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    GrumpyCabbie Senior Member

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    Just been looking at the specs of the new PHEV Prius and have a question on the differing HV batteries;

    If the existing Prius HV battery has an EV range of 2 miles (max) from a 1.3 kwh battery, then how does the PHEV extract 15 miles from a 4.4 kwh battery?

    Are Toyota digging deeper into the 'range' of the PHEV battery at the expense of long term life? Or am I completely on the wrong lines as the two batteries use different technologies?
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    seilerts Battery Curmudgeon

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    Normal Prius has 500 Wh of usable energy: 28*7.2V*6.5Ah*0.4. The 0.4 corresponds to the allowed 40%-80% SoC range. Of course, most people run out of gas at 60% SoC and can only go ~1 mile.

    PHV Prius with 4.4 kWh, at 80% depth of discharge, is 3.32 kWh, and 14 mile range under the assumption of 240 Wh/mile.
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    GrumpyCabbie Senior Member

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    So the Prius uses only 40% depth of discharge but the PHEV uses 80%?

    Well I always understood that the longevity of the Prius was due to the small window of discharge. Surely the 80% of the PHEV will reduce the batteries lifespan?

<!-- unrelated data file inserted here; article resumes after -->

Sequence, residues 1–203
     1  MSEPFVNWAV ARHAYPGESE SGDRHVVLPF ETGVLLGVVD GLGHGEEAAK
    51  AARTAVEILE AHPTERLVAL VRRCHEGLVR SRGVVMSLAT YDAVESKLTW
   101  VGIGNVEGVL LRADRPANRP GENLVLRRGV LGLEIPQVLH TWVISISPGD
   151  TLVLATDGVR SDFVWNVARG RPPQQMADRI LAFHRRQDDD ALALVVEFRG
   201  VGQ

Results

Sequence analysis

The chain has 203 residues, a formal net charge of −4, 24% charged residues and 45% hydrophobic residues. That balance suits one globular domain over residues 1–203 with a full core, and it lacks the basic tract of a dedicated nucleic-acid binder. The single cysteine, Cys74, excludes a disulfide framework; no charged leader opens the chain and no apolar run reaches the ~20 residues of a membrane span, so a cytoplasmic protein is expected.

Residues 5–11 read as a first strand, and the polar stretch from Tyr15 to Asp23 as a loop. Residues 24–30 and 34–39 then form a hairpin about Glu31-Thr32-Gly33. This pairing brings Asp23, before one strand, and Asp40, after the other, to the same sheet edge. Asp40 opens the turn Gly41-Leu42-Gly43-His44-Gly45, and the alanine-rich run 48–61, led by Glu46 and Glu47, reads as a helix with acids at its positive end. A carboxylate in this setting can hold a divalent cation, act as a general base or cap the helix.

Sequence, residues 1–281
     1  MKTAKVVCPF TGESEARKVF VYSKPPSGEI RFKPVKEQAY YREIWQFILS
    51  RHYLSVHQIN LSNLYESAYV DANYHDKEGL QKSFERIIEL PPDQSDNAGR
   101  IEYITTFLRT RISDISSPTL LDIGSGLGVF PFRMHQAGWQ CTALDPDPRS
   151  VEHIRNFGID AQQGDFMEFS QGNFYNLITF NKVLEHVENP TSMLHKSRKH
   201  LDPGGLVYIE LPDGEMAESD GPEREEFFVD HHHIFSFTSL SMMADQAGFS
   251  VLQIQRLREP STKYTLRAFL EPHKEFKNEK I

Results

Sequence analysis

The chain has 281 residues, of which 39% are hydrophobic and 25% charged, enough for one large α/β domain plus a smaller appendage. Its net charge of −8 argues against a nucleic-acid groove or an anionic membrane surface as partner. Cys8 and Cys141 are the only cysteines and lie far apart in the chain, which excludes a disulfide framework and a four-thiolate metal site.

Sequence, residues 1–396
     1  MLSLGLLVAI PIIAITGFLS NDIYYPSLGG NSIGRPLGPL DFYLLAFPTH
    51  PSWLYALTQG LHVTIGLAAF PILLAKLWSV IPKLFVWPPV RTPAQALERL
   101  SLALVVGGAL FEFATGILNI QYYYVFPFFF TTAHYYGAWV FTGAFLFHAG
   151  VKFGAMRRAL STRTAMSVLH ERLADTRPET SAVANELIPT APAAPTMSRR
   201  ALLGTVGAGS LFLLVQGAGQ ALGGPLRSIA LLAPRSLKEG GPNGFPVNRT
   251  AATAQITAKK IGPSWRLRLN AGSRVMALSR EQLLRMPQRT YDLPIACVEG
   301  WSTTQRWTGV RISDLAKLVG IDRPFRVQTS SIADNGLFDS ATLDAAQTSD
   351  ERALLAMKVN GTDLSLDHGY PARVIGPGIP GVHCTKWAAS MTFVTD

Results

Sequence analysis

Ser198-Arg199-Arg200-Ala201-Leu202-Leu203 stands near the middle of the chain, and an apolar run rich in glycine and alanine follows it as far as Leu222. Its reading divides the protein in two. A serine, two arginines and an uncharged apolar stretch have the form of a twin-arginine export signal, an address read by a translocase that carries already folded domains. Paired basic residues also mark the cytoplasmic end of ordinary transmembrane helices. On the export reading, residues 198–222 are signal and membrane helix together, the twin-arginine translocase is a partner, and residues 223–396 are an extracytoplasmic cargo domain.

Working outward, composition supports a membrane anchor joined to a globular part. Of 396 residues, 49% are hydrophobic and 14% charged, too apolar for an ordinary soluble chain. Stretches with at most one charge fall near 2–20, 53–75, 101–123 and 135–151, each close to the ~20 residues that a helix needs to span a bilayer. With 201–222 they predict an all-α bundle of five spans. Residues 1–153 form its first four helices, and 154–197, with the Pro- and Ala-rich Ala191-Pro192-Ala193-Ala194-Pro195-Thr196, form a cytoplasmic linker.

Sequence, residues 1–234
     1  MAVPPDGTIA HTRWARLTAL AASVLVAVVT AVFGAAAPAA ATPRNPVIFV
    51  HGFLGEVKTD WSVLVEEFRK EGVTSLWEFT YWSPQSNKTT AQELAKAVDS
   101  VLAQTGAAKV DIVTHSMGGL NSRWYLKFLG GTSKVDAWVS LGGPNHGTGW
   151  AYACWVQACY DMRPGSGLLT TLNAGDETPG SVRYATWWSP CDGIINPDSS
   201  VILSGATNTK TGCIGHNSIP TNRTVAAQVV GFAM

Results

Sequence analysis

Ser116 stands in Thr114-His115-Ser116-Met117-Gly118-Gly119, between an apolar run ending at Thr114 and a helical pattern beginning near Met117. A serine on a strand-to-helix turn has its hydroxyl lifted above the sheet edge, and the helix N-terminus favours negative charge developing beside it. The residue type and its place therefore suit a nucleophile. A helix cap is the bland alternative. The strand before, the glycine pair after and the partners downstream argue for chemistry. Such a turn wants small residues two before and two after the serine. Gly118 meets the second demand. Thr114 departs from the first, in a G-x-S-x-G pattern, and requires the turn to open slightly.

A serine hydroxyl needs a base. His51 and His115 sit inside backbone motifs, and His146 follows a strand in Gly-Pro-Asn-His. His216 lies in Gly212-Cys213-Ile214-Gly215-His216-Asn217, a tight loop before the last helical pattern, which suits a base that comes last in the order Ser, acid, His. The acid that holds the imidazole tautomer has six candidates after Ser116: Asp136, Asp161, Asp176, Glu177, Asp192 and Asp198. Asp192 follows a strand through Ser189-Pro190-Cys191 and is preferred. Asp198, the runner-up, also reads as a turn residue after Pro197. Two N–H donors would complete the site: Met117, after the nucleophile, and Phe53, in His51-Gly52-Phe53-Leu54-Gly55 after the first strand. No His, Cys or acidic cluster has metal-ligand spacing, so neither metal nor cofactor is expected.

I guess its to do with the way the two systems are used (one has millions of small discharges, the other can cope with 5000 discharged) but I'm worried about the longevity of the PHEV battery as it will be trying to cope with both useage patterns (jack of all trades and master of none).
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    seilerts Battery Curmudgeon

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    There are three battery packs: the main pack, and two sub packs. The two sub packs will be drained first, then the main pack. It is not clear if the depth of discharge is allowed to be as much for the main pack as it is for the two sub packs. The sub packs will not be recharged by regen. If drained twice per work day, that is 5,000 cycles over a 10 year period, probably the worst case scenario for the batteries. Having two sub packs is probably a choice to allow for fault tolerance (car still runs if a sub pack goes bad) and better battery management (avoids having cells in parallel).
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    GrumpyCabbie Senior Member